Trim off the end of the nail. Always cut from top to bottom, and try to cut perpendicular to the nail. Avoid cutting the nail at an angle. When clipping your dog’s back nails, lay your pet on their side. This will make it easier to access and hold their back paws.

4. Avoid the Quick

The quick in each dog nail contains nerves and blood vessels. You should avoid cutting the quick, as it will bleed and cause your dog some discomfort. If your dog has white nails, you should be able to see the quick as a faint pink line. Cut no closer than 2 mm from the quick.

If you’re unsure about where to trim, it’s better to cut off too little than too much. You can always cut off a bit more later if needed. It’s never a bad idea to go to your local veterinary clinic for guidance; they can give you a demonstration on your dog.

How Do I Cut a Black Dog’s Nails?

Unfortunately, the quick won’t be visible if your dog has black nails. As you cut your dog’s nails, look for a dark spot in the center of the newly clipped edge — this is where the quick starts.

Remember to take it slow. With each clip, cut no more than 1/8" from the nail, and then check to make sure you haven’t accidentally cut the quick. Continue in this manner: clip and check, clip and check.

My Dog’s Trimmed Nail Is Bleeding — How Do I Stop It?

If you accidentally cut the quick, don’t panic. If you react dramatically, your dog could think the situation is more serious than it is, which may cause them to form a negative association with getting their nails trimmed. Instead, apply styptic powder to the affected nail until it stops bleeding, and give your dog a treat and some reassurance.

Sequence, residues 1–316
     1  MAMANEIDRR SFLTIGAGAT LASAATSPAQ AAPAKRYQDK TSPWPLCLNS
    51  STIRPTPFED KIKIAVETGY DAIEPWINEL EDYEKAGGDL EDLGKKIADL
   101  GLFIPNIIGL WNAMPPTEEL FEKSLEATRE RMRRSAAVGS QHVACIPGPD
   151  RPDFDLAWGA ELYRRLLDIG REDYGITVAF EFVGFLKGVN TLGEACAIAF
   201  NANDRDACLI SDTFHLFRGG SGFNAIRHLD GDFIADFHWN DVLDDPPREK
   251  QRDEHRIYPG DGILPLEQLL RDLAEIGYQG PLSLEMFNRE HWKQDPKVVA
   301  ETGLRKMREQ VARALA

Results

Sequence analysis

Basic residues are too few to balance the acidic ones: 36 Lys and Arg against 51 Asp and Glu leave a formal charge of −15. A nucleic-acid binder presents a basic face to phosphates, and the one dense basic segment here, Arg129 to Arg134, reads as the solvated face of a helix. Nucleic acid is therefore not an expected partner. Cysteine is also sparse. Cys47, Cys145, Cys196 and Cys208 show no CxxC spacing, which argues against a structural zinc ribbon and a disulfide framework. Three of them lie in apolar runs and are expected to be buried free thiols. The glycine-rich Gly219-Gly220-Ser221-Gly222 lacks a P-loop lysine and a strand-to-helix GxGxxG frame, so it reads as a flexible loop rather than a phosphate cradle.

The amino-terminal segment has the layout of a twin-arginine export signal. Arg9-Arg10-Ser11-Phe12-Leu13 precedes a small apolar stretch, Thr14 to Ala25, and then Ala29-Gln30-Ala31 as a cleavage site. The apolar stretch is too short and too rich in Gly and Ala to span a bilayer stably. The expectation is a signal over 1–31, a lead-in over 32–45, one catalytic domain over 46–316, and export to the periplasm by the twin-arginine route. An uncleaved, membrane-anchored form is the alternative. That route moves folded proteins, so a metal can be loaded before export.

5. Give Your Dog Treats and Cuddles

You’ll have to trim your dog’s nails on a regular basis, so make it as positive as you can for your pet. When you’re finished, give them treats and praise for behaving so well while you worked.

How Often to Trim Your Dog’s Nails

Now that you’ve trimmed your dog’s nails once, you’ll need to make this task a part of your pup’s regular grooming routine. Generally, a dog’s nails should be trimmed when they touch the ground. If you can hear your dog’s nails click-clacking with every step, their nails have grown too long and should be trimmed.

How quickly a dog’s nails reach this length will depend mainly on their environment and lifestyle. The nails of a dog that lives in a city and walks primarily on pavement will stay naturally shorter than a dog with a leisurely indoor lifestyle or one that spends more time running on softer ground.

From an early age, get your dog into the habit of having their nails trimmed — they will be far more comfortable with the routine if you start when they’re young.

When to Enlist Help

If trimming your dog’s nails causes you anxiety or is simply a task you don’t like to do (and you’re not alone!), take your dog to a groomer or a vet who will trim their nails for a small fee.

If you have any concerns — for example, if you think your dog’s nails are causing them pain or discomfort — get in touch with your vet.

Share On